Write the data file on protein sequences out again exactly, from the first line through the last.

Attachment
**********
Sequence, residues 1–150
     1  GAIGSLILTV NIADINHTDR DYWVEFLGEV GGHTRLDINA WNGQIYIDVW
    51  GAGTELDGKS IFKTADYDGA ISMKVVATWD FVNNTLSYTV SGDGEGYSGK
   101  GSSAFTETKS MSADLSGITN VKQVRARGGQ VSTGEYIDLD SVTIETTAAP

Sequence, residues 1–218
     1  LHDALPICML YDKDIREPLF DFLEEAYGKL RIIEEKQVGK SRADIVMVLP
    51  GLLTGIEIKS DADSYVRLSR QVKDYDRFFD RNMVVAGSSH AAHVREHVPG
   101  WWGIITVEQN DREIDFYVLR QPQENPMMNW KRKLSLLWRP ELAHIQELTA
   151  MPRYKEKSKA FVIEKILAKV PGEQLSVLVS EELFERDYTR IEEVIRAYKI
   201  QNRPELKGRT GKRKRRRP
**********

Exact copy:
Sequence, residues 1–150
     1  GAIGSLILTV NIADINHTDR DYWVEFLGEV GGHTRLDINA WNGQIYIDVW
    51  GAGTELDGKS IFKTADYDGA ISMKVVATWD FVNNTLSYTV SGDGEGYSGK
   101  GSSAFTETKS MSADLSGITN VKQVRARGGQ VSTGEYIDLD SVTIETTAAP

Sequence, residues 1–218
     1  LHDALPICML YDKDIREPLF DFLEEAYGKL RIIEEKQVGK SRADIVMVLP
    51  GLLTGIEIKS DADSYVRLSR QVKDYDRFFD RNMVVAGSSH AAHVREHVPG
   101  WWGIITVEQN DREIDFYVLR QPQENPMMNW KRKLSLLWRP ELAHIQELTA
   151  MPRYKEKSKA FVIEKILAKV PGEQLSVLVS EELFERDYTR IEEVIRAYKI
   201  QNRPELKGRT GKRKRRRP